Gavriil Kachilin Victor Maslov
Golden Age of the 60s
Much of the success in the 1960s was under the managerial skills of Gavriil Kachilin, who was a keen man manager with a great rapport with the communist party bosses whom he persuaded not to interfere in his team matters. A Moscow XI made up of different Soviet players managed by Kachilin was the only team to beat the great Hungarian team in their winning run of 34 matches in 1952-54. This victory brought him to the notice of the sports minister who put him in charge of the national squad. Another big influence on Soviet and world football during this period was Victor Maslov, the former coach of Torpedo Moscow and Dinamo Kyiv. Maslov is credited to have been the inventor of the 4-4-2 formation and the concept of pressing in the early 1960s much before its implementation by Sir Alf Ramsey of England in 1966. He was the first person to understand the concept of not allowing opponents time with the ball. According to the noted football journalist Jonathan Wilson he was the initiator of modern football tactics as we know it today.
The Soviet national team of the 60s
This was the golden age of Soviet football with a gold medal at the 1956 Olympics and victory in the 1960 European nation’s cup. The best results in the World Cup were also during this period. The 1968 European nation’s cup semi -final against Italy, which finished in a goalless draw after extra time, was also a memorable match. Till date it is the only senior international final tournament match to be decided by the toss of a coin. The Soviet captain Albert Shesternyov called incorrectly and Italy advanced to the final and eventually won the trophy. The man who was identified as the face of Soviet football during this time was the legendary goalkeeper Lev Yashin, voted as the best goalkeeper of the century in 2000 by International Federation of Football History and Statistics (IFFHS). Other major players of this period were Albert Shesternyov, Valeriy Voronin, Valentin Ivanov, Igor Netto, Igor Chislenko, Eduard Streltsov, Viktor Ponedelnik, Mikheil Meskhi and Murtaz Khurtsilava.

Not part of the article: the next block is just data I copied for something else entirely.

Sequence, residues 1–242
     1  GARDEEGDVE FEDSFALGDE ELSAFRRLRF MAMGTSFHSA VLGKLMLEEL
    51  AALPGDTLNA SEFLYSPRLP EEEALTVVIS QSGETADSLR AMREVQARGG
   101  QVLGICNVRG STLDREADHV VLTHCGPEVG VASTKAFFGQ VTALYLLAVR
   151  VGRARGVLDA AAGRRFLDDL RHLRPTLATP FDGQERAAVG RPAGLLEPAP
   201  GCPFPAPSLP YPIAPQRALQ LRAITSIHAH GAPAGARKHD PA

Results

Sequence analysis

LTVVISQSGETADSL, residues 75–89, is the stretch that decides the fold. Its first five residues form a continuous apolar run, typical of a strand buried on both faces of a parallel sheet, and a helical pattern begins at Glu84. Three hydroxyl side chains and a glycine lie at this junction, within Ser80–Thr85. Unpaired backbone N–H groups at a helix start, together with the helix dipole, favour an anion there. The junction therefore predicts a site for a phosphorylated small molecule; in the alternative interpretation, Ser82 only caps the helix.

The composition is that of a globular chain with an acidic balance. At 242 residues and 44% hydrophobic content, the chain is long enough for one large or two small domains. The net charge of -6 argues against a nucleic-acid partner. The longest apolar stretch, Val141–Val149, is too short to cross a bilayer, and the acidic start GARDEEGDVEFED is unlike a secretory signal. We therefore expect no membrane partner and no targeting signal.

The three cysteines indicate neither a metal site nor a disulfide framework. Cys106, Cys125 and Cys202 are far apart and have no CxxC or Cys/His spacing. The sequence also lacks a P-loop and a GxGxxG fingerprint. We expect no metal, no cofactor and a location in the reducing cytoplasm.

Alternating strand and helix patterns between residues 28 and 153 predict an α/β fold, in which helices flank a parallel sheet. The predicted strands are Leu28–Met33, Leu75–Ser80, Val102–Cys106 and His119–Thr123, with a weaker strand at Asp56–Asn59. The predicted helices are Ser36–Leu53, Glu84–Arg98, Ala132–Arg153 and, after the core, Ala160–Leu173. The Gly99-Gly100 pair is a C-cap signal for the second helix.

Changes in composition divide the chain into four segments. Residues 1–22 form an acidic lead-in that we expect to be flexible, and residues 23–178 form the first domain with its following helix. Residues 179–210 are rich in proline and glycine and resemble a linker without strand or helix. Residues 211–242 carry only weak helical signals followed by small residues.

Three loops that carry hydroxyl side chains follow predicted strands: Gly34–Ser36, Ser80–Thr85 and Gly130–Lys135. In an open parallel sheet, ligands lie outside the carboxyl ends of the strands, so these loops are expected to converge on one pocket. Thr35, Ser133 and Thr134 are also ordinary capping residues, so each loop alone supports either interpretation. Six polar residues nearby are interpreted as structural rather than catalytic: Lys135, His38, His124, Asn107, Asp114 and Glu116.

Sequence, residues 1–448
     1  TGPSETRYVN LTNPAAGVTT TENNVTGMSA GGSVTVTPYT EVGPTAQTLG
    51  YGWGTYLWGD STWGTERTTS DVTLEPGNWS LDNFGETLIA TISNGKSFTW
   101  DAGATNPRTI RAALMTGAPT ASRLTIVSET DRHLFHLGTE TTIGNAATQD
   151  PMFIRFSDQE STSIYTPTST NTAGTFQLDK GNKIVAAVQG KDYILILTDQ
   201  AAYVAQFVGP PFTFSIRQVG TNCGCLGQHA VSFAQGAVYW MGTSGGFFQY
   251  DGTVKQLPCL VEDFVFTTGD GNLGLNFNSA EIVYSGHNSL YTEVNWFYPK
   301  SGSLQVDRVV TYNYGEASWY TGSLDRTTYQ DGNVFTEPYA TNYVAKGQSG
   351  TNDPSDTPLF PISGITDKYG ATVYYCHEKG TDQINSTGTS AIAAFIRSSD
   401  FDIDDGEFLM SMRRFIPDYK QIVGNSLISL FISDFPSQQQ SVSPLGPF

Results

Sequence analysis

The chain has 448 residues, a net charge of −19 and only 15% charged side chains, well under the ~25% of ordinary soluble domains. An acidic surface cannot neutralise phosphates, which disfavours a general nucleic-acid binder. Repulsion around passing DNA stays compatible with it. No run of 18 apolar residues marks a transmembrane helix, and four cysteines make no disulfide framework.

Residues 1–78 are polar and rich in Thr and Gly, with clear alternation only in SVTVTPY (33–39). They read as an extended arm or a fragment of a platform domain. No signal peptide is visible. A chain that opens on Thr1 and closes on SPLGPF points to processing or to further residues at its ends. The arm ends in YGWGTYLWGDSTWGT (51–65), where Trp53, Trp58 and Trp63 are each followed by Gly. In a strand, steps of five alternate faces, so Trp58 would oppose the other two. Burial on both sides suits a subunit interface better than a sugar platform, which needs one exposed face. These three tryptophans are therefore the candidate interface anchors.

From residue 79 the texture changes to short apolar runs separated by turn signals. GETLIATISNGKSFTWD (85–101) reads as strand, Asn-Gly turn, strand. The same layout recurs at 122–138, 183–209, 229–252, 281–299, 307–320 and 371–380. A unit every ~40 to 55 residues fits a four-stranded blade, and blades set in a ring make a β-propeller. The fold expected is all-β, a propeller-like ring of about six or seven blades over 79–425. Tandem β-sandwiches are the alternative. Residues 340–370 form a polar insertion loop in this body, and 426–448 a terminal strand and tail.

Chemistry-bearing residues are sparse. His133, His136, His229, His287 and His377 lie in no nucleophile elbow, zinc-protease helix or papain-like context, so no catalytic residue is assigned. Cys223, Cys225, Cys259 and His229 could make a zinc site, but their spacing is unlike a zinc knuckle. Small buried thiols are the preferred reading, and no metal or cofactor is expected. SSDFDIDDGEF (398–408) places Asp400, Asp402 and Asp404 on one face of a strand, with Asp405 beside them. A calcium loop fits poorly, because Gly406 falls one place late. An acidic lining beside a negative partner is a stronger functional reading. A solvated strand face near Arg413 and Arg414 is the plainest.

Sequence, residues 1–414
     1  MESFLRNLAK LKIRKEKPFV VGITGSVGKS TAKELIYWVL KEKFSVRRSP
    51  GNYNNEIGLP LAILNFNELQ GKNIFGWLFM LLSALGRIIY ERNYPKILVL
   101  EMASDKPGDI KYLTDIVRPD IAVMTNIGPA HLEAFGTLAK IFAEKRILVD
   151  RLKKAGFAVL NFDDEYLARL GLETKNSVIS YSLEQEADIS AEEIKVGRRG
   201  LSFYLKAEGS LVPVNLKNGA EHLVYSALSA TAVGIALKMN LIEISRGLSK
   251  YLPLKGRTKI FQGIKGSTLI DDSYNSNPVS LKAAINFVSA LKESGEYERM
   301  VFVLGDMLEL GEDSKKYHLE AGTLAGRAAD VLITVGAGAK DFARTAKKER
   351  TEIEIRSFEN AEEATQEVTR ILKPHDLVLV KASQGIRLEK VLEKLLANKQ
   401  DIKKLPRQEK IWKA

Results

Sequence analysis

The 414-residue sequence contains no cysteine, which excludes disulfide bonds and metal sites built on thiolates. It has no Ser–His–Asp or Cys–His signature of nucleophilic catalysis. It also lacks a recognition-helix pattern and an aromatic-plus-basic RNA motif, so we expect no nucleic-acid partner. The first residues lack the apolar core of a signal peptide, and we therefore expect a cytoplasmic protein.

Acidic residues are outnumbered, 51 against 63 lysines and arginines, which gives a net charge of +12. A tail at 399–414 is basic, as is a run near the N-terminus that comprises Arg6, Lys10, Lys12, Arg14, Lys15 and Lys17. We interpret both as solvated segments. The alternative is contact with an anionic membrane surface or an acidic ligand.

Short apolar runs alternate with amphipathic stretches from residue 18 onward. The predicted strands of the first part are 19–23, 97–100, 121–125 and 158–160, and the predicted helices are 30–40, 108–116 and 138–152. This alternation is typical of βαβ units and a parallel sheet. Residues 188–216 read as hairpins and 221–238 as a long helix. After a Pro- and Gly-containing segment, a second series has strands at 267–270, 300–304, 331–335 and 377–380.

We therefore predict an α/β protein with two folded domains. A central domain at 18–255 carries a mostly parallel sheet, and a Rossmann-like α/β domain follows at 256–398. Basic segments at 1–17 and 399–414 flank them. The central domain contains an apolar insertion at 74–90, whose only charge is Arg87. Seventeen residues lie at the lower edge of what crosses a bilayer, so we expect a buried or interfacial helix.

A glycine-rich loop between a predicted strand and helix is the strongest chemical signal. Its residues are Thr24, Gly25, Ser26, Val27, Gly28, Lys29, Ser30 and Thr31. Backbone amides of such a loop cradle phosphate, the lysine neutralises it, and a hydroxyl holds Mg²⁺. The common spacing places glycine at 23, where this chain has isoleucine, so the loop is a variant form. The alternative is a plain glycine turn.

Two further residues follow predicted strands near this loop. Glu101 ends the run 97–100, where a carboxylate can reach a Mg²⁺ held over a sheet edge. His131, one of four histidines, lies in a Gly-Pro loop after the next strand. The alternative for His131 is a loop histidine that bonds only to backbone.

The other good period of Soviet football was in the late 1970’s to late 1980’s under the mercurial Ukrainian manager Valeriy Lobanovskyi, who had successfully managed the Dynamo Kyiv club to three European trophies in the 70s. During this period, Oleg Blokhin of Dynamo Kyiv emerged as one of the best forwards in Europe winning the Ballon D’Or in 1975. In the 1986 World Cup the Soviets topped their group by goal difference, winning their matches against Hungary and Canada easily. They drew the other group game against the defending European champions, France in a match which the media described as a match between two genuine contenders for the trophy. In the 2nd round they faced Belgium who were one of the best third placed teams to advance from the group stages. The Soviets were overwhelming favourites. The Soviet team dominated for long periods of the match and led by an Igor Belanov goal at halftime. The Belgians, unimpressive in the tournament till then, had two world class players in Jan Ceulemans and a young Enzo Scifo. Scifo equalised as the Soviet defence were put under pressure with counter-attacks and long balls by the opposition. Belanov restored the lead only to have Ceulemans equalise to take the match into extra time. The Soviets kept attacking and dominating their opponents in extra time, but conceded two counter-attacking goals, both of which were potentially off-side. Belanov completed his hat-trick by converting a penalty to reduce the margin. The Soviets laid siege to the Belgian goal during this period but could not equalise due to the magnificent performance of Jean Marie Pfaff, the Belgian goalkeeper. The exit of the Soviet team was described as a loss to the tournament. Ukrainian Belanov went on to win the Ballon D’Or that year after a very successful club season with Dynamo Kyiv.